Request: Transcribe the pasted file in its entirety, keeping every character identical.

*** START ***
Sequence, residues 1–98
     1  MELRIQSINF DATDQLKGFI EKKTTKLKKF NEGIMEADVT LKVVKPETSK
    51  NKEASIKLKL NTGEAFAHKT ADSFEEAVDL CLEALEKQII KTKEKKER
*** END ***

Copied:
Sequence, residues 1–98
     1  MELRIQSINF DATDQLKGFI EKKTTKLKKF NEGIMEADVT LKVVKPETSK
    51  NKEASIKLKL NTGEAFAHKT ADSFEEAVDL CLEALEKQII KTKEKKER